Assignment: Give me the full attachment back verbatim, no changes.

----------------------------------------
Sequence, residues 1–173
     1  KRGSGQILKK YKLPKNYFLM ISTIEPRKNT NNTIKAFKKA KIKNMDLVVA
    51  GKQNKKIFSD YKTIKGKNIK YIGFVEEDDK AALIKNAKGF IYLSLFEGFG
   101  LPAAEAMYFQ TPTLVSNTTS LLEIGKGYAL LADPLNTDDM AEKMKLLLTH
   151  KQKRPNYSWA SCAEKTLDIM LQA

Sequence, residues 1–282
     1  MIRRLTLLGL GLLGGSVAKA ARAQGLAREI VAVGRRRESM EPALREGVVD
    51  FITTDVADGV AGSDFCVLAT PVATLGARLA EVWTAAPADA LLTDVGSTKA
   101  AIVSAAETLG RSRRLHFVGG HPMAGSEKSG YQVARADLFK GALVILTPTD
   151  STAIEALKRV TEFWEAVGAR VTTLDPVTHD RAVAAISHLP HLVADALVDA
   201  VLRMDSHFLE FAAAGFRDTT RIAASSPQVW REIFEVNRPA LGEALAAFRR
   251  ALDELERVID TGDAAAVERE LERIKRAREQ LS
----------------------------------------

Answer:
Sequence, residues 1–173
     1  KRGSGQILKK YKLPKNYFLM ISTIEPRKNT NNTIKAFKKA KIKNMDLVVA
    51  GKQNKKIFSD YKTIKGKNIK YIGFVEEDDK AALIKNAKGF IYLSLFEGFG
   101  LPAAEAMYFQ TPTLVSNTTS LLEIGKGYAL LADPLNTDDM AEKMKLLLTH
   151  KQKRPNYSWA SCAEKTLDIM LQA

Sequence, residues 1–282
     1  MIRRLTLLGL GLLGGSVAKA ARAQGLAREI VAVGRRRESM EPALREGVVD
    51  FITTDVADGV AGSDFCVLAT PVATLGARLA EVWTAAPADA LLTDVGSTKA
   101  AIVSAAETLG RSRRLHFVGG HPMAGSEKSG YQVARADLFK GALVILTPTD
   151  STAIEALKRV TEFWEAVGAR VTTLDPVTHD RAVAAISHLP HLVADALVDA
   201  VLRMDSHFLE FAAAGFRDTT RIAASSPQVW REIFEVNRPA LGEALAAFRR
   251  ALDELERVID TGDAAAVERE LERIKRAREQ LS